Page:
Analysis: Do Campaigns Matter?

Here's what Clinton, Trump spent to turn out votes | CNBC |

Analysis: Do Campaigns Matter?

Personally my view is the effort put in by Trump's Texas troll factory of bots made the difference. Thanking Robert Mercer and his Cambridge Analytica. [Brexit too]

Unless one trusts Hillary Clinton's RESIST movement, pointing fingers to Putin's Russia. A budget of $4 million in ads from ISA in St. Petersburg did the trick? Hardly!

by Oui on Thu Mar 1st, 2018 at 07:54:40 PM EST
[ Parent ]
by state, 21 Oct - 7 Nov, 2016 alone

Diversity is the key to economic and political evolution.
by Cat on Fri Mar 2nd, 2018 at 12:19:41 AM EST
[ Parent ]
Spending and the ground game do not necessarily turn out voters. IMO Clinton created her own head wind by her dismissive attitude towards the still largest ethnic group in the nation. She virtually wrote off all but the well educated, epitomized by her 'basket of deplorables' remark, but far from limited to it. I think her campaign was biased against even trying to compete for the working people because they thought they could win without them and didn't want to owe them anything. That was less offensive to the wealthy.

"It is not necessary to have hope in order to persevere."
by ARGeezer (ARGeezer a in a circle eurotrib daught com) on Thu Mar 1st, 2018 at 08:08:40 PM EST
[ Parent ]
I agree that was the expectation, and by offices Clinton's campaign was far ahead of Trump's, though not as far ahead of Trump+GOP. But in the end, Clinton's campaign appears to not have used their advantage to get out the base, but rather spent to much time chasing moderate Republicans.

Here's one article from the Jacobin - https:/www.jacobinmag.com/2016/11/clinton-campaign-gotv-unions-voters-rust-belt - claiming among other things that lack of on the ground knowledge led the Clinton campaign to turn out Trump voters.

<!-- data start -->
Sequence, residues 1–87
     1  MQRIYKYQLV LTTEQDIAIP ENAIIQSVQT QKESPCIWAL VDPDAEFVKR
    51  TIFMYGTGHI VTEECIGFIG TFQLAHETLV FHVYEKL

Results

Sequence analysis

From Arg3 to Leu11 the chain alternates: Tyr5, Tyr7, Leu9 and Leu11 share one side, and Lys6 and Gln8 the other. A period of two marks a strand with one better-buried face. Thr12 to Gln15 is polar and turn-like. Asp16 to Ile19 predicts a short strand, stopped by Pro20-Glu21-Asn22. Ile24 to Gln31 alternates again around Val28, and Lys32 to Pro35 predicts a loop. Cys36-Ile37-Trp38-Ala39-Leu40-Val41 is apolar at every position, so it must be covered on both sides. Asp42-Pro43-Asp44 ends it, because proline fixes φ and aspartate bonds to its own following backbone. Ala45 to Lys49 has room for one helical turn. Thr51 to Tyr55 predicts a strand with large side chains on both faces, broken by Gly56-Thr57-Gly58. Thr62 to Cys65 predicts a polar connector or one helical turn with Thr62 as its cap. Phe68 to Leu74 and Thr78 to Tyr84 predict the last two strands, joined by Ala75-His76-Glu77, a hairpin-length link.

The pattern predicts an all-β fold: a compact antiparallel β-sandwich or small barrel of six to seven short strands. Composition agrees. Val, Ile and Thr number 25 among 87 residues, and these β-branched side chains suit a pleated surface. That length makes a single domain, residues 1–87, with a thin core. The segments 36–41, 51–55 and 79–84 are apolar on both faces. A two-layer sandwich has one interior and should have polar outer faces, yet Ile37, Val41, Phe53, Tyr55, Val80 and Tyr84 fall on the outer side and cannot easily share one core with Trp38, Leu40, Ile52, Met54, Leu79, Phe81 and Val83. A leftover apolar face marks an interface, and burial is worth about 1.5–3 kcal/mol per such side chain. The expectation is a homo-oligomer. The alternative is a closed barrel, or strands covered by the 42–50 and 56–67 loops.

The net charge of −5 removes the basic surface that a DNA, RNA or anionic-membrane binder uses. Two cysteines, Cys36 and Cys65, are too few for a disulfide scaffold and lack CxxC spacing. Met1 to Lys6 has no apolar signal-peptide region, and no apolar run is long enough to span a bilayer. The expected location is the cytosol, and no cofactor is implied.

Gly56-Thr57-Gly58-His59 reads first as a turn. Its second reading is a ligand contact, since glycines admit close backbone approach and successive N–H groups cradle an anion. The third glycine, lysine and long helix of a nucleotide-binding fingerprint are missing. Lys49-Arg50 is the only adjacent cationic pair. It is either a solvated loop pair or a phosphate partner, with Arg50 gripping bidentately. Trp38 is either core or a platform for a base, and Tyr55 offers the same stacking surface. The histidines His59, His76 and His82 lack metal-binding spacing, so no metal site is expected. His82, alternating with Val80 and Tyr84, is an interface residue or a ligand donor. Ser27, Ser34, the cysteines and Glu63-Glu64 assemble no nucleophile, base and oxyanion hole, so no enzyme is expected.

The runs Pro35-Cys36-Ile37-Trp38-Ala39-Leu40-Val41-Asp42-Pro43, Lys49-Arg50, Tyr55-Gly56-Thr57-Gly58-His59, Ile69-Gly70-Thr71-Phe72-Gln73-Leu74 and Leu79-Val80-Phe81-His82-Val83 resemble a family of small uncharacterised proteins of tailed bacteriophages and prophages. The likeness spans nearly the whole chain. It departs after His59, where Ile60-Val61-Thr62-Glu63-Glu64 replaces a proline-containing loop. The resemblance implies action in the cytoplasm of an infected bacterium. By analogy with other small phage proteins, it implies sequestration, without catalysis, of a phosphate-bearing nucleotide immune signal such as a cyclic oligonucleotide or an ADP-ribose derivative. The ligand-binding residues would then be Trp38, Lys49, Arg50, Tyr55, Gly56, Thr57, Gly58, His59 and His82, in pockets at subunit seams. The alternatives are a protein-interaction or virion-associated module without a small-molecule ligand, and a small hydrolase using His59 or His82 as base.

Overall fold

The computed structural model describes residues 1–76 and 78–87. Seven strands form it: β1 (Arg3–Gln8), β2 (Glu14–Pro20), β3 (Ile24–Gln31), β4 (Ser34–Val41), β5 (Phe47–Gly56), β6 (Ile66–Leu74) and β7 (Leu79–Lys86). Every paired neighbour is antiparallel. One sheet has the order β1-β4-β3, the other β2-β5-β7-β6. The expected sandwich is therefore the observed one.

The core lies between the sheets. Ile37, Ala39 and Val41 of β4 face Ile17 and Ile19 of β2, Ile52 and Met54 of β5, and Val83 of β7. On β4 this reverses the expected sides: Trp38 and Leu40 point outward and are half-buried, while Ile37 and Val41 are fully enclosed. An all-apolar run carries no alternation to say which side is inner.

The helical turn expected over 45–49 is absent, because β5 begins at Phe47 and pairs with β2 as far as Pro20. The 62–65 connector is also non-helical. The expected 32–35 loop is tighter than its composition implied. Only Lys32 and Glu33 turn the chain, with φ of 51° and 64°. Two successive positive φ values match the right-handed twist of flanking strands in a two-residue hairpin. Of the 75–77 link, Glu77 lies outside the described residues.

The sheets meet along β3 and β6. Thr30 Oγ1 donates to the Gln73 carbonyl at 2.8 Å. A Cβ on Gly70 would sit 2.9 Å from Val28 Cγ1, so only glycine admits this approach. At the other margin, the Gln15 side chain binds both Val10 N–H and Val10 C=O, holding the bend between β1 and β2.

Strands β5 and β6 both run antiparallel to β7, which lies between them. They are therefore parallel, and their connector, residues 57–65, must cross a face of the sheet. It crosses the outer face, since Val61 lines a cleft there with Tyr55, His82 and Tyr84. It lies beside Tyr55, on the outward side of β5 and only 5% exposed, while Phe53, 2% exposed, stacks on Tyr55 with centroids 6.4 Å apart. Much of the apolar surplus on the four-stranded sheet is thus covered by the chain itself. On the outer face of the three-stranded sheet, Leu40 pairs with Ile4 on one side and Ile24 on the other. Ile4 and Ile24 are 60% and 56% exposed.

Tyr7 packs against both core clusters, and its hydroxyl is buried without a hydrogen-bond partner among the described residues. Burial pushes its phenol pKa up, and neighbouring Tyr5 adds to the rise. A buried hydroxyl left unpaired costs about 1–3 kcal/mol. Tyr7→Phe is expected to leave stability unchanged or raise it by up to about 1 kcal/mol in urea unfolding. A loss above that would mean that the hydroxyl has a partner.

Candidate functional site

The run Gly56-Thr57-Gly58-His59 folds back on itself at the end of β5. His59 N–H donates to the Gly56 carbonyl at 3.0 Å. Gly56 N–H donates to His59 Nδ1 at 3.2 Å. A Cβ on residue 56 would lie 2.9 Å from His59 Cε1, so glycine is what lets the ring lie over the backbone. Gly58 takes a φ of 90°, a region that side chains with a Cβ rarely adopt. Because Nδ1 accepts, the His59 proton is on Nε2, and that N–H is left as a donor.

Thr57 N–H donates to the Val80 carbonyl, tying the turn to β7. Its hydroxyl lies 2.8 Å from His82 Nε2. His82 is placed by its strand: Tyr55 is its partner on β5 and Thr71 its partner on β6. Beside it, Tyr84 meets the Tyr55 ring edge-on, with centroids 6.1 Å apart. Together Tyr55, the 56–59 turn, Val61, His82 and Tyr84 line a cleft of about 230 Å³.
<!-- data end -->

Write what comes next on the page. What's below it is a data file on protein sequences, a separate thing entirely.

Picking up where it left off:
And while Trump's lack of organisation was saved by the GOP, the Democrats as a party appears dead in large parts of the interior, partly from lack of organisation, partly from loss of offices during Obama. And Clinton's campaign added to that by using state parties as vehicles to increase donations to the campaign rather than raising money for the state parties. So the party couldn't save her.

by fjallstrom on Thu Mar 1st, 2018 at 11:09:06 PM EST
[ Parent ]
Trump won because he is/was a maverick, coming into politics sideways from a billionaire's podium, a la Berlusconi.
His notoriety as a crook made him media red meat, they gobbled up every gaffe and vomited it back repeatedly creating a vortex and regaling him with millions of dollars free publicity. Hillary could not compete on this level at all, she was recycled old news. Old policies, reconstituted pablum, b-o-r-i-n-g.
She thought the answer was to buy fancier pantsuits and widen that rictus leer of delusional superiority.